Twelve-year-old Jasper Sieniewicz, from Cambridge, Mass., had looked forward to his September 5 birthday party for weeks. So his mother Martha was a little puzzled when he claimed he had no room for cake after pizza.
At 9:30 p.m., after the crowd of middle schoolers left, Jasper confided to his parents that he had a stomach ache. “Jasper is pretty tough. He’s a hockey goalie, and he doesn’t complain,” says Martha. She thought it might be a case of too much pizza and encouraged him to try to sleep.
By 3 a.m., he was vomiting. Martha thought it might be food poisoning and called their pediatrician’s overnight pediatric advice line. The nurse on call asked questions to check the severity of Jasper’s symptoms and advised her to call back in the morning if her son wasn’t feeling better.
Jasper’s vomiting persisted through the morning, and Martha worried he was getting dehydrated. Another concern was appendicitis, so by 2:00 p.m., Martha and Jasper headed to Boston Children’s Hospital emergency room.
The mother of three had made a few trips to the emergency room in the past. “At Boston Children’s, you’re so conscious of how mundane and manageable your child’s illness is compared to many other patients,” she says.
A surprise from the trauma team
When Jasper started perking up in the emergency room, Martha thought that perhaps it had just been something he had eaten after all, and she considered taking him home. “And that’s when the full-on miraculous Boston Children’s experience started. The entire staff was like a cast in a TV program. The physician assistant was friendly and accommodating. Blake Windsor, MD, emergency physician, was charismatic and kind and ignored my chatter about food poisoning.”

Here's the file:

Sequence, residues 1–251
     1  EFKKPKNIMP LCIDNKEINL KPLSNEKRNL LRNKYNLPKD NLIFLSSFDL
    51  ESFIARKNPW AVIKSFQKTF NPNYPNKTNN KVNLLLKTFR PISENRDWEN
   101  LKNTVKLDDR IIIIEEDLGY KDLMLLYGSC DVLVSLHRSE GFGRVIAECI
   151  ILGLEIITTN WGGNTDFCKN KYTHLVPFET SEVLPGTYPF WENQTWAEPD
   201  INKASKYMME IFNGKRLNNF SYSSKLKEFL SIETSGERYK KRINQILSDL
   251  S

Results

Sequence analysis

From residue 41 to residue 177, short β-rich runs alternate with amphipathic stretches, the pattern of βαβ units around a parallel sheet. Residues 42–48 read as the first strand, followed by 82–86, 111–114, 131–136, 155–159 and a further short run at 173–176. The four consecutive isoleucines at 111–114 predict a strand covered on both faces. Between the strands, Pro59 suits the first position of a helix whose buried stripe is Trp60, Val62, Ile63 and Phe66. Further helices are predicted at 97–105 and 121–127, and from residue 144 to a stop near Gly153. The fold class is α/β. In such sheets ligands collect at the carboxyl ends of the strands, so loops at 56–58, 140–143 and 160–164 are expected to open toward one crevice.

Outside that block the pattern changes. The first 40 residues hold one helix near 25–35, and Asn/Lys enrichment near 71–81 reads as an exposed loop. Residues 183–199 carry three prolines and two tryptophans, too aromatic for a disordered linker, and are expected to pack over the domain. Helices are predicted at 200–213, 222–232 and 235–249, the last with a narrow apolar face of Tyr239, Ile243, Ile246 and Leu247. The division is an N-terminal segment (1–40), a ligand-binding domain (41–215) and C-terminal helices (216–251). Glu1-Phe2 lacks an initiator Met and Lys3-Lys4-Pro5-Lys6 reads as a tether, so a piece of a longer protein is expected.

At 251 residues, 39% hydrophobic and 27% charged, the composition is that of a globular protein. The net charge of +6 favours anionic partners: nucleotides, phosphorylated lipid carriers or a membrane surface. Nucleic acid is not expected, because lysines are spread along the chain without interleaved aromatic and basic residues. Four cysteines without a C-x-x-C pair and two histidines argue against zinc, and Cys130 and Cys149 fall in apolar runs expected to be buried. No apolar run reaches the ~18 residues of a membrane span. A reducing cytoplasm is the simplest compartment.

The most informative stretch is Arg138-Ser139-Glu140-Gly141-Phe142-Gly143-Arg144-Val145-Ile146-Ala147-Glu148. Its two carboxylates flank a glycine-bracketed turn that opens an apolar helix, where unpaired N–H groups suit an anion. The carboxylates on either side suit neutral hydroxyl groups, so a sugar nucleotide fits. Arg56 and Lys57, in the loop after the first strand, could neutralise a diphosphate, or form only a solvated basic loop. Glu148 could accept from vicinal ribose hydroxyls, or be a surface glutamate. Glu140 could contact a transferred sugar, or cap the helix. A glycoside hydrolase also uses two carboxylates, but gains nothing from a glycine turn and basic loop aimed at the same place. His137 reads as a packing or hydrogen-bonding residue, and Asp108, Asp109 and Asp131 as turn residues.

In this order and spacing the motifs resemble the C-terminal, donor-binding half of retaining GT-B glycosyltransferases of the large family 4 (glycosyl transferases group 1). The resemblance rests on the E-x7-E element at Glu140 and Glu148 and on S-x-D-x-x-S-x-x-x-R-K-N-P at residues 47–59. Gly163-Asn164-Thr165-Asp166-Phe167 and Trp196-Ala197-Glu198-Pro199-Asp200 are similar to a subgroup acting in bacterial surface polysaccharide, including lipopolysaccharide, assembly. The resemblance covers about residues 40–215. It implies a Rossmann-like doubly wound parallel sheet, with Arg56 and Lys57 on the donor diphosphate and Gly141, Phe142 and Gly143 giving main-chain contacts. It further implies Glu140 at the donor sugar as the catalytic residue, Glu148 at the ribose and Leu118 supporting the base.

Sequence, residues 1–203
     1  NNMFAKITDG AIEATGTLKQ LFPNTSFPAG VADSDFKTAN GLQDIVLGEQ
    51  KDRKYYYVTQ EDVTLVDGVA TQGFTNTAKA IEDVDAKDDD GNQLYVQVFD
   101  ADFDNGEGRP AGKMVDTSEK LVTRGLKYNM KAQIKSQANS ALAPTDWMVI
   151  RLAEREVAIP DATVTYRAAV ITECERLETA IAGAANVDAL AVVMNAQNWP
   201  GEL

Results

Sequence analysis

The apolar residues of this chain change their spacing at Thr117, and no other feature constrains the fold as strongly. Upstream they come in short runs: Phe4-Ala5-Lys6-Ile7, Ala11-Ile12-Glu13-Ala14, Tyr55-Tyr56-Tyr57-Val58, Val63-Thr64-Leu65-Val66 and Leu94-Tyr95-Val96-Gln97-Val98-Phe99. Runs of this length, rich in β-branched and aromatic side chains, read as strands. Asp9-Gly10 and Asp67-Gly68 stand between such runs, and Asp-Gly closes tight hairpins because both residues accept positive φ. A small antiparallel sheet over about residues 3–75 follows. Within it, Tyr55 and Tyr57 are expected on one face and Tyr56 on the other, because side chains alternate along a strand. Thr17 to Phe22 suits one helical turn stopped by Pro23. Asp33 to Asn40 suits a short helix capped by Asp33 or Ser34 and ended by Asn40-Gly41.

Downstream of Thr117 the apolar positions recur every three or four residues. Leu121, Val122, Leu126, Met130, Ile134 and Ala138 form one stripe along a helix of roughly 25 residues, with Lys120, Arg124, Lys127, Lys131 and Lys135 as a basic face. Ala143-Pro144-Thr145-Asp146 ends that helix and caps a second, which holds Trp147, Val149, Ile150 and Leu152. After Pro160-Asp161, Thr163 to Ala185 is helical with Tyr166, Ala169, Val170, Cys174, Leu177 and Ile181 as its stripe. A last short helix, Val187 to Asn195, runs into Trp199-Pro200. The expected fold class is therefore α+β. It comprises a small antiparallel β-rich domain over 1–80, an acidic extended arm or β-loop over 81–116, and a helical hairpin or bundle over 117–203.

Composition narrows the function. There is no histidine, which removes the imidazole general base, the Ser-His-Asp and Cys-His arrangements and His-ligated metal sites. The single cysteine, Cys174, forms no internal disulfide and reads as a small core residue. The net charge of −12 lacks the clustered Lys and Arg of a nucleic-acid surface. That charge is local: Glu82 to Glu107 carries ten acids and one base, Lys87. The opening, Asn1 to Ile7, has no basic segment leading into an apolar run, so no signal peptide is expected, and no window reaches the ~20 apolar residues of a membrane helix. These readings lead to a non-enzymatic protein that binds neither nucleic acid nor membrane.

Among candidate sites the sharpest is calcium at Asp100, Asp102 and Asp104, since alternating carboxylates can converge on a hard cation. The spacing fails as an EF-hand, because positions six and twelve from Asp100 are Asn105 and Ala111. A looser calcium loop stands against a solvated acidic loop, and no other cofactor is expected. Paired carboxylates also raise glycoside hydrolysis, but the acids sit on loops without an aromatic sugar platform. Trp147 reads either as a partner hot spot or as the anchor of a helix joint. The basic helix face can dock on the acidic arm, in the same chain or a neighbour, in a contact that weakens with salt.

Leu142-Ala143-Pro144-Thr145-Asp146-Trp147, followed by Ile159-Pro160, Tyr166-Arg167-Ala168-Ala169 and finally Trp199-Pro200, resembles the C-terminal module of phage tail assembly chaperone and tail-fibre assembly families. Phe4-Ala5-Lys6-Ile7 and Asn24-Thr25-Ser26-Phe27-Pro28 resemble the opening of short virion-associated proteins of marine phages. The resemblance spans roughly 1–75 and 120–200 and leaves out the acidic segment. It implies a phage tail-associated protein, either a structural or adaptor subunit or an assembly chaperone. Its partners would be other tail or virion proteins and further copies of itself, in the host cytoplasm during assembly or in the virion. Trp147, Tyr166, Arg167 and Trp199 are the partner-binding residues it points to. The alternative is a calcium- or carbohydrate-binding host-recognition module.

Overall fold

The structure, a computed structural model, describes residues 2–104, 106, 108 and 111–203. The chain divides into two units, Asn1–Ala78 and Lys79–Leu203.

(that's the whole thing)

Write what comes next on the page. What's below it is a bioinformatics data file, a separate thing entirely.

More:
“I suppose, somewhere at Children’s, there MUST be some surly, disaffected, inattentive, humorless employees — that IS Boston, after all — but the only ones in evidence are as charming, bright, energetic, gentle, patient, charismatic (and good-looking!) as the cast of an absurdly unrealistic television show.”
Text message from Martha to her husband during Jasper’s visit
Windsor ordered an ultrasound, and the technician showed Jasper his inflamed appendix.
David Mooney, MD, MPH, director of the trauma center, entered the scene, explaining every step of the procedure to Jasper and Martha and re-assuring them that he had finished his last appendectomy just one hour before.
Jasper’s birthday weekend ended on Sunday when he was released from Boston Children’s. He returned to seventh grade by mid-week, and the goalie was back on the ice two weeks later.
“We’re very lucky,” says Martha. “When I tell people Jasper had an emergency appendectomy, they say, ‘It must have been so scary.’ But I wasn’t scared for a minute, once we got to Boston Children’s, because everyone we encountered was perfectly confident, kind and calm. We knew we were in the best hospital in the world, and that Jasper was being cared for by doctors and nurses who were incredibly skilled and sympathetic. I wouldn’t call it a pleasure. But we are tremendously grateful and impressed.”